You won't find Miss Daisy doing donuts in a parking lot waiting for someone to challenge her in a winner-takes-all need-for-speed street race.
Oh, wait—you mean race as in "black and white." Okay, we've can talk about that, too.
Driving Miss Daisy is definitely not a hard-hitting condemnation of the treatment of blacks in the American south. Race takes a back seat for most of the film. This led to a lot of criticism that the film was whitewashing racial tensions, soft-pedaling conflict, and even displaying some nostalgia for the pre-civil rights era, when people "knew their place" and didn't complain about it.
But to be fair, the film isn't primarily about racial injustice. It's about the development, over 25 years, of an unlikely friendship between a wealthy white woman and her African American driver in the context of the segregationist and racist attitudes of her culture. The lack of racial justice in the decades covered by the film comprises the important social and cultural backdrop of that relationship.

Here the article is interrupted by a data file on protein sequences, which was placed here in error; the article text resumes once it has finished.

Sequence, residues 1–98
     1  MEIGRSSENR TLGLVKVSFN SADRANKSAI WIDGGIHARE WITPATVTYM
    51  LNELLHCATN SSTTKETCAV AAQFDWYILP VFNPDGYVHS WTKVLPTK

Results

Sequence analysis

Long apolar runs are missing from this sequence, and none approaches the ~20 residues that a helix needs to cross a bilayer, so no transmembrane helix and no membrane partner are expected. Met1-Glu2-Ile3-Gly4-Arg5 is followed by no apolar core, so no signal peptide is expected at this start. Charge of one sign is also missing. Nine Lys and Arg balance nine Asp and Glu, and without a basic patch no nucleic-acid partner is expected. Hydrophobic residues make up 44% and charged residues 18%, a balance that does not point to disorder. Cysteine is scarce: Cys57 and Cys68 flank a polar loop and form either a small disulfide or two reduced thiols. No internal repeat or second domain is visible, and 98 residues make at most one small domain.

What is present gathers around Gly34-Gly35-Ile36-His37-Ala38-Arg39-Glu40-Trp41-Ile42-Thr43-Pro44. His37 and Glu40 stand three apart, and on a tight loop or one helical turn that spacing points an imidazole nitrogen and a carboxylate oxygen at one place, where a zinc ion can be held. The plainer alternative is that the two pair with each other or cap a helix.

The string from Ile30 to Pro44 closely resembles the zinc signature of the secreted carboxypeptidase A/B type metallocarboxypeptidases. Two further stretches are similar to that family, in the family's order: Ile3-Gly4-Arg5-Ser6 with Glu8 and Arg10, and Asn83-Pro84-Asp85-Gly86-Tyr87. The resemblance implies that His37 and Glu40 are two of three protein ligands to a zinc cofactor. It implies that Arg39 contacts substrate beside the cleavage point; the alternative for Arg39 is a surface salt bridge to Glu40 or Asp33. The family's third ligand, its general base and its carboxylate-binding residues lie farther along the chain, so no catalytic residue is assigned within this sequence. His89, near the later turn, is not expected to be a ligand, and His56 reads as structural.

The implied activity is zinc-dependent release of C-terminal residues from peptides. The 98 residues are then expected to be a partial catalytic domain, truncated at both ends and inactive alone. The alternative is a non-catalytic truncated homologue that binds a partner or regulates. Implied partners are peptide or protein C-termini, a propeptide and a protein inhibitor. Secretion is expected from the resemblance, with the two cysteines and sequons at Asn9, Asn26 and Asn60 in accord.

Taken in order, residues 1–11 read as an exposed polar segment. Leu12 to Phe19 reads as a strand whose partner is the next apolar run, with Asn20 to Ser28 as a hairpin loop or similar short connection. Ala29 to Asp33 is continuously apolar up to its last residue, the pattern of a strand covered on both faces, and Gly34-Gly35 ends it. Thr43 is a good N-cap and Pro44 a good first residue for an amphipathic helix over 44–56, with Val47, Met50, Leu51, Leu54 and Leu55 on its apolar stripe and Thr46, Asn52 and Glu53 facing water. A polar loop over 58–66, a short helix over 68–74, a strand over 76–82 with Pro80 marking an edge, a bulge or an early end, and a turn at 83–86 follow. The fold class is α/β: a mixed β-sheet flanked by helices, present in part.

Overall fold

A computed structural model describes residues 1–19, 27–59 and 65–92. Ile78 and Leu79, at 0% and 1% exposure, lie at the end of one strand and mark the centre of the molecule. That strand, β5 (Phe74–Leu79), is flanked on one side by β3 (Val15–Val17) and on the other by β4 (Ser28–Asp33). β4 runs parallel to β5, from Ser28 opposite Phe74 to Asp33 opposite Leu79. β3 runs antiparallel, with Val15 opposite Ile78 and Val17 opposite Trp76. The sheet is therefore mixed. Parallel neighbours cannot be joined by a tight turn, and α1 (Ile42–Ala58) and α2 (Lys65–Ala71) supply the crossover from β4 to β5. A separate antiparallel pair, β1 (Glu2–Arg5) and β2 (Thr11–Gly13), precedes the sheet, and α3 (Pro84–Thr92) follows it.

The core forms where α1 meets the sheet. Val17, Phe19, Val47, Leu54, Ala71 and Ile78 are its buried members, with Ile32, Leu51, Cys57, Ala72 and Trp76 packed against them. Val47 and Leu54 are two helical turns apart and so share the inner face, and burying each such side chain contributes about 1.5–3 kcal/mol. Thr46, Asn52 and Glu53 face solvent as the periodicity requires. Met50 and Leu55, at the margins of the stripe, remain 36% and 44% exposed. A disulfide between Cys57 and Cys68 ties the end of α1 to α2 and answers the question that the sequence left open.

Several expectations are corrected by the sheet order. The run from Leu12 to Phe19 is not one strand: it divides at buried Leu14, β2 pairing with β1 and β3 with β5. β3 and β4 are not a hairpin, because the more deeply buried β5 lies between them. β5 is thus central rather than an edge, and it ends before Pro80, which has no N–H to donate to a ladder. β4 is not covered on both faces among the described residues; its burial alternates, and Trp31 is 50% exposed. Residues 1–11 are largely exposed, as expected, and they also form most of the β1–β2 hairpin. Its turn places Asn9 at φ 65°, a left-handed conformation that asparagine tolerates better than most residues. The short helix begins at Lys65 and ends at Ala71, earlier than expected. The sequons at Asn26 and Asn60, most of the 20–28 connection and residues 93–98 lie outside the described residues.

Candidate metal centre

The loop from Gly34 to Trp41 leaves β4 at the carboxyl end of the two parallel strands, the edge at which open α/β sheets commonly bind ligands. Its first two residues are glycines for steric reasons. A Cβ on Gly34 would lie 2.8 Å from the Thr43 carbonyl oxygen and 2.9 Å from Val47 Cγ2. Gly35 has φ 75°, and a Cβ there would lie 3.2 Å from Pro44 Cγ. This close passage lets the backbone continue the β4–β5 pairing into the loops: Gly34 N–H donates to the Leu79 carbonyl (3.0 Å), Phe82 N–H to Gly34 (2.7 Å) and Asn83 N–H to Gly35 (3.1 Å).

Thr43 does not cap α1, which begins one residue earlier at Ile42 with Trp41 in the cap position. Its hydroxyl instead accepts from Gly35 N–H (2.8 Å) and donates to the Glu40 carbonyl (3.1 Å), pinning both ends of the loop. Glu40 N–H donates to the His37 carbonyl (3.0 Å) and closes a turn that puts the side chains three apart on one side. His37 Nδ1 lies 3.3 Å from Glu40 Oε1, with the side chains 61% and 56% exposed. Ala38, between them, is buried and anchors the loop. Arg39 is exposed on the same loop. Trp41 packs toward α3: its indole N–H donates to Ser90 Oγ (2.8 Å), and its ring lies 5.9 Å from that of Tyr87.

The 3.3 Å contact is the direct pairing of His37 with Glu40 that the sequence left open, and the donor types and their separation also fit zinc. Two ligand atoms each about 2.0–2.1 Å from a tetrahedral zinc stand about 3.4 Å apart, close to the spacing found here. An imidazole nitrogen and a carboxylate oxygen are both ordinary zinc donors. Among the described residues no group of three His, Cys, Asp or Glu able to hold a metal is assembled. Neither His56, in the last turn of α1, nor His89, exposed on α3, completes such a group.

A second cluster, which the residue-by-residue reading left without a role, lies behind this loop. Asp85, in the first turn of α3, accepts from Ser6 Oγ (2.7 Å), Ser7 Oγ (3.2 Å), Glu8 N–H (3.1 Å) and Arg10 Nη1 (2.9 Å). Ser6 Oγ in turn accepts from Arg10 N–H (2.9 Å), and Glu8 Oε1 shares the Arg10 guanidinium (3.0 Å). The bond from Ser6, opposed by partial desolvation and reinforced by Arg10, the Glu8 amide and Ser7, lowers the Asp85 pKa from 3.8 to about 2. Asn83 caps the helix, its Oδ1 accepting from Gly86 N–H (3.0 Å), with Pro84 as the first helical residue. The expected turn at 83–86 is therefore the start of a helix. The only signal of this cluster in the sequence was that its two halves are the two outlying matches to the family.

The film subtly criticizes the racist attitudes of the south, even among whites who, like Miss Daisy, think of themselves as liberal. As Hoke gently pushes back against Daisy's racist assumptions, she's able to see that she's not as liberal as she thought.
Questions About Race
Is Driving Miss Daisy an accurate depiction of race relations of the time? Does it minimize the injustice and hatred?
When does race become an issue in the movie, and how do the characters handle it?
Is the relationship between Daisy and Hoke realistic?
Chew on This
The film avoids dealing with racism head-on and supports stereotypes of the white employer and the docile black servant.
The play the film's based on made a choice to portray racial issues in a more intimate way, through the relationship of Daisy and Hoke. That doesn't make it any less powerful as a statement about racial injustice.